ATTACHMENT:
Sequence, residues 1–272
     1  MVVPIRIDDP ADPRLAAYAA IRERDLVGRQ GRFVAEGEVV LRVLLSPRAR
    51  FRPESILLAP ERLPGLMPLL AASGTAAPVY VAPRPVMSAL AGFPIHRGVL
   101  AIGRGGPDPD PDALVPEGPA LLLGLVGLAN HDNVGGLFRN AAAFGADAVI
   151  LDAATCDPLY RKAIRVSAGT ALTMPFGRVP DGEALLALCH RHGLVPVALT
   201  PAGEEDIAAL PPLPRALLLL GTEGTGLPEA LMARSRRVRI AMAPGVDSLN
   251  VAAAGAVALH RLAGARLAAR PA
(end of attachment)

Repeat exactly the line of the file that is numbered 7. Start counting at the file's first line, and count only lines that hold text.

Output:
   251  VAAAGAVALH RLAGARLAAR PA